According to Cornell Law School, civil liberties are:
- Freedoms guaranteed by the U.S. Constitution (primarily from the First Amendment). They are natural rights which are inherent to each person. While they are commonly referred to as "rights," civil liberties actually operate as restraints on how the government can treat its citizens. As such, the First Amendment's language ("congress shall make no law") explicitly prohibits the government from infringing on liberties, such as the freedom of speech.
- While certain rights can be considered both a civil right and a civil liberty, the distinction between the two lies within the source and target of the authority.
- A violation of civil rights affords the injured party a right to legal action against the violator. For example, the freedom of religion is recognized as both a civil right and civil liberty; it is protected under the Constitution from government infringement (liberty) as well as under the Civil Rights Act of 1964 from being the basis of discriminatory practices.
Approximately 33,000 Japanese Americans served in the US Armed Forces during World War II. Many of them voluntarily enlisted despite having their civil liberties infringed upon by the US government with the execution of Executive Order 9066 in 1942. This order forcibly incarcerated around 122,000 men, women and children in relocation centers in the interior of the United States.
The majority of those 33,000 served in the 100th Infantry Battalion, 442nd Regimental Combat Team or as linguists with the Military Intelligence Service. The 100th/442nd remains the most decorated unit for its size and duration of service in US Army history. “Go for Broke” means risking everything to win big. This was the motto adopted by these units.
Write a speech from the perspective of one of these service members speaking to a group of students today in 2023.
In it, you must:
- Include that person’s motivation for voluntarily enlisting in the military despite the circumstances.
- Describe any opposition to that idea (motivation) that people may have had then or may have now.
- Discuss the legacy of this chapter of American history and how it relates to modern civil liberties.
- Use evidence from at least three sources listed here.
- Use information and examples from your own knowledge of US History.
- Civil Exclusion Order Poster
- Article on Japanese Incarceration
- Glossary of Terms
- Walter Imahara Oral History
- 1944 Rohwer Center Yearbook
- Article on High School Life in Rohwer Center
- Article on Music at Heart Mountain
- Article on Jimmy Kanaya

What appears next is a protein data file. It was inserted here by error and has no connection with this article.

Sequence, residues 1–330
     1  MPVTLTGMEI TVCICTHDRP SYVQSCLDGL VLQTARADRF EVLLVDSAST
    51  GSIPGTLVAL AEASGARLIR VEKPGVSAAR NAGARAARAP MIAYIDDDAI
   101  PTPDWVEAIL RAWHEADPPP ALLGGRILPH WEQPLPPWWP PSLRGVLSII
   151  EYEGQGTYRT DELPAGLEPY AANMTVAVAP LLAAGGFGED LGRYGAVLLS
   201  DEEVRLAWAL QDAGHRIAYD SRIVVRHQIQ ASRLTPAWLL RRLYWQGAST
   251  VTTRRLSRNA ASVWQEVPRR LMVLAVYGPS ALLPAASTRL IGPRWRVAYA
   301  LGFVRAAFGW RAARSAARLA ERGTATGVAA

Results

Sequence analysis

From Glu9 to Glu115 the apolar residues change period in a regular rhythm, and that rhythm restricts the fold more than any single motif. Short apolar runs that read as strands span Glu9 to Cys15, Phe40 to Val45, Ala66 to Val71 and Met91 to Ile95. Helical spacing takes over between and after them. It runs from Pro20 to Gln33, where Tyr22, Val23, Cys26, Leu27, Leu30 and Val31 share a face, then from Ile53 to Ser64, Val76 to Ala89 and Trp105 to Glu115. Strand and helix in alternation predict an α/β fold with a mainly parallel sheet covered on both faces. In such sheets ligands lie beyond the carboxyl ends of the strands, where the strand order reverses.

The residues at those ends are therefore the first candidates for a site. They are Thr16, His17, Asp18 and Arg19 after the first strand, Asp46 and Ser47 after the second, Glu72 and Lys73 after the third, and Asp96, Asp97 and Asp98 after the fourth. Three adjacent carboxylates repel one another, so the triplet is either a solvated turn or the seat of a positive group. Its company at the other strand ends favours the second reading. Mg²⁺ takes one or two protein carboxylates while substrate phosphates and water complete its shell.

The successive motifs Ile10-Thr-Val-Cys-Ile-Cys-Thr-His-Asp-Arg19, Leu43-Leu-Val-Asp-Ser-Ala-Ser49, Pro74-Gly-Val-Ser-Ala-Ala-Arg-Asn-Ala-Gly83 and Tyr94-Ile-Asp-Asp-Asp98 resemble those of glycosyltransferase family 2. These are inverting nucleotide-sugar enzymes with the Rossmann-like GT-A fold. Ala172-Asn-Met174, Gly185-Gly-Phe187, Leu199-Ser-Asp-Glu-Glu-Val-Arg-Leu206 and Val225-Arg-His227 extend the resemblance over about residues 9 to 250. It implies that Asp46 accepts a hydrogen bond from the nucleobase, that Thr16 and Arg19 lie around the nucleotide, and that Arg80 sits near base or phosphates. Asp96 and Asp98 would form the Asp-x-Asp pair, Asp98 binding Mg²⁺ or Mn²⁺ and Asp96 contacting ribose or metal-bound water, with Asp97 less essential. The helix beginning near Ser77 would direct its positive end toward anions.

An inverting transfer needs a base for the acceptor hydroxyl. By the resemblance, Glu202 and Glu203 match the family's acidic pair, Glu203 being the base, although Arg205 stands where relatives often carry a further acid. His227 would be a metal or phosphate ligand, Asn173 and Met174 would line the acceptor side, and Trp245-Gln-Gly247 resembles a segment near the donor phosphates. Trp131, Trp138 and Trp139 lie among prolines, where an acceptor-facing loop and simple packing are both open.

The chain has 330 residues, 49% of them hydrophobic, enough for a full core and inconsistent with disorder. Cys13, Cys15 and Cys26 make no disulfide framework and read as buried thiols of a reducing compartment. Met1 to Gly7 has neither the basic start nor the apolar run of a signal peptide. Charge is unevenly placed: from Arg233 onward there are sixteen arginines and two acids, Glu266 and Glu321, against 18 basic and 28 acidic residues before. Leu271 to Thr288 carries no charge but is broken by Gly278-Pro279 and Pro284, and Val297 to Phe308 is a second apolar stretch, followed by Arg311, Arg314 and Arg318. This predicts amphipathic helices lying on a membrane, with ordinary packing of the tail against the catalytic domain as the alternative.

- Profile of Sadao Munemori
- Profile of Senator Daniel Inouye
- Article on 100th Infantry Battalion
- Article on 442nd Regimental Combat Team
- Article on the Military Intelligence Service
- Article on 1800th Engineering Battalion
- Article on Japanese American Wartime Experiences in Hawaii
- Article on Servicemen’s Thoughts on Japanese Incarceration
- Article on the Return of Japanese Americans to the West Coast
- Article on an Incarcerated Interracial Couple
- Article on Redress and Reparations
- Letter of Apology
- Student Webinar on Japanese American Servicemembers Pt. 1
- Student Webinar on Japanese American Servicemembers Pt. 2
- Electronic Field Trip on Japanese Incarceration
- 1943 Government Propaganda Film
- Image Gallery
- Day of Remembrance
- The Go for Broke Spirit Website
- Korematsu v. US Case
- Fred T. Korematsu Institute Website
- 14th Amendment
The contest is open to United States students in grades 7 through 12 attending public, private, parochial, or home schools; U.S. students under the age of twenty enrolled in a high school correspondence/GED program in any of the fifty states, the District of Columbia, or the U.S. territories; and U.S. citizens attending schools overseas.
- The contest opens on October 18, 2023 and the deadline to submit is December 15, 2023 at 11:59 PM (CST).
- Students may submit a typed copy OR a video of themselves reciting it.
- If typed, speeches can be no more than 750 words but must be a minimum of 500 words. It should be double spaced, have a title and be in 12-point font. It should be uploaded as a PDF.
- If you choose to record yourself in a video, it should be between 4 and 8 minutes long. Please be mindful of background noise and your attire. Be sure to speak loudly and clearly. Please do not read; instead, speak naturally (it's okay to write and review before you record or to have talking points). It must be uploaded as a MOV, MP4 or WMV.
- Speeches must be the original work of the student.
All entries must be submitted by 11:59pm (CST) on December 15, 2023 to be eligible for judging. The National WWII Museum is not responsible for lost, late, misdirected, damaged, illegible, or incomplete submissions.
Decisions of the NWWIIM Student Writing Contest are final. Winners will be notified by email by January 31, 2024. The winners will be posted on The National WWII Museum’s website and will also receive a certificate by the end of February 2024. Awards will be sent via direct deposit during the Spring of 2024.
By entering, you agree that your speech will become the property of The National WWII Museum and will not be returned. The National WWII Museum reserves the right to print and display the speeches names and photographs of the contest winners.
Recognition and Awards
There will be 2 categories: Junior (grades 7-9) and Senior (grades 10-12).
- First place winners in both categories will win $750 each.
- Second place winners in both categories will win $500 each.
- Third place winners in both categories will win $250 each.
- Honorable Mention in both categories will win $100 each.
Submit your speech here.
This writing contest is inspired by the special exhibit currently at The National WWII Museum. The Go for Broke Spirit: Legacy in Portraits is on display in the Joe W. and Dorothy D. Brown Foundation Special Exhibit Gallery until March 31, 2024.